Dr. Mike Ryan is an Australian musician, ethnomusicologist and Brazilianist with over forty years of experience with the music of Brazilian communities in Australia and Brazil. This involvement, which commenced in 1974, has produced a substantial body of information and activities about Brazilian music and culture in the form of publications, presentations at national and international conferences, musical exchanges, recordings, archives, university courses and radio and television programs.
His efforts received recognition in the form of employment and invitations as a visiting professor / guest lecturer by reputable institutions in Australia: New South Wales State Conservatorium of Music, The University of Sydney, The University of Western Sydney, The University of New South Wales, The University of Wollongong, and in Brazil: the School of Music, Federal University of Minas Gerais (1994/1997), Music School, Federal University of Salvador, Bahia, (1994), Pro-Music School of Music, Belo Horizonte, Minas Gerais (1997-1999), National School of Music, Federal University of Rio de Janeiro (1999-2003), Music School Vitor Assis Brazil (1999-2002), and from international institutions such as the East-West Centre for Culture and Communication, University of Hawaii at Manoa (1991), the University of Humboldt, Berlin, and the University of Auckland, New Zealand.
Dr. Ryan is dedicated to the development of Brazilian communities through music, and is also committed to addressing the musical illiteracy problems in Brazil. The seriousness of the nature of his work, and conviction of his long-term commitment to Brazil is evidenced by the creation of:
1 Doctorate in Philosophy (Music / Ethnomusicology) 1991 - University of Sydney, Australia. Thesis theme: Brazilian Music in Australia 1971-1984: An Emic-Etic Approach to the Structure of Folk Models. The two-volume thesis (550 pages), addresses the socio-musical activities and contributions of Brazilian music and culture for Australia in the period from 1971 to 1984 and is still considered as a major analytical reference about a group immigrants within the discipline of ethnomusicology and multicultural music in Australia. This Brazilian-Australian case study formed the basis of the original modified emic-etic theoretical model by Ryan, suited to the study and explanations of socio-musical manifestations of transculturated immigrant groups, regardless of their location.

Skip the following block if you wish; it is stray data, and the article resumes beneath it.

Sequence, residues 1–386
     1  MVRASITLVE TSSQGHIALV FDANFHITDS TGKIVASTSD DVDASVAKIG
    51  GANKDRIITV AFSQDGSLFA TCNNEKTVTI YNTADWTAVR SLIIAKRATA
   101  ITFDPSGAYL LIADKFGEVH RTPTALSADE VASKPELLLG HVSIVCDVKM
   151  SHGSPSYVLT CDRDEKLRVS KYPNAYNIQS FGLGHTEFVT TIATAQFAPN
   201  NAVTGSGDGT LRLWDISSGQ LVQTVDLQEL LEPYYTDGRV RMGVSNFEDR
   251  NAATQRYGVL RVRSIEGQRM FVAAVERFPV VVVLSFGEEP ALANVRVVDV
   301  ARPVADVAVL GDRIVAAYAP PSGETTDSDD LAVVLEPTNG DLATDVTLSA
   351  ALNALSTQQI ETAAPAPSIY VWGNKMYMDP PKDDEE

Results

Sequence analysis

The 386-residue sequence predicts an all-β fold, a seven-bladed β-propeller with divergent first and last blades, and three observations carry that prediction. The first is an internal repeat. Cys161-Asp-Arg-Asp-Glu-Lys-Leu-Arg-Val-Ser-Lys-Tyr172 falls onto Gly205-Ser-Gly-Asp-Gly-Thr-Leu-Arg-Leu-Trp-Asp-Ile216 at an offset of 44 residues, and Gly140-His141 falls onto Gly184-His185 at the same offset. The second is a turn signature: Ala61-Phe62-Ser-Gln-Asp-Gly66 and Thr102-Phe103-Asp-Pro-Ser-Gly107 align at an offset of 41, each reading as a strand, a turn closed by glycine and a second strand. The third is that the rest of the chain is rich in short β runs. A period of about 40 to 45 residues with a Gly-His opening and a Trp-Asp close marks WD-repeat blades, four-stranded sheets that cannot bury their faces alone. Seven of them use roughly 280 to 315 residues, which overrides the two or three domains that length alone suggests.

2 The SALF Rhythm Method - the result of 27 years of research into the rhythms of Brazilian samba and samba derivatives (Samba:Brazil World Music, SALF Rhythm Method Exploring hot rhythms, Samba , African-Latin and funk. Edited by Almir Chediak, Lumiar Editora, Rio de Janeiro, Brazil, 2002. 164 pages (Portuguese / English) including a CD SALF).
3 SALF Project: Musical Literacy in Brazil: Mobilisation of a Carioca Community Carioca through the SALF Rhythm Method.
The SALF method recognises the contributions of both the African and Classical European music traditions to Brazilian samba by combining essential techniques of oral music transmission (e.g. vocalisation and onomatopoeia, and the importance of dance / body movement), with classical European music traditions (e.g. approaches to metric compass and music notation). The goal is to generate new alternatives to the standard rhythmic notation symbols appropriate to SALF in the Brazilian context, and to urban and contemporary folk languages existing in Brazil.
The SALF Method has also been used by Ryan since 1984 as a vital component of his private courses, group classes and workshops in jazz education and multi-disciplinary presentation (performance, composition, personalisation of musical style through rhythmic manipulation, contemporary repertoire, Brazilianization, of rhythm and melodic phrasing, rhythmic manipulations in dance / drama human movement, and more).
It is important to note that SALF method was successfully implemented by Mike in Australia (1988-2006) and Brazil (1997-). Since its publication by Almir Chediak in 2002, the Method has received positive reviews in major newspapers and Brazilian journals (e.g. O Globo, Bateira).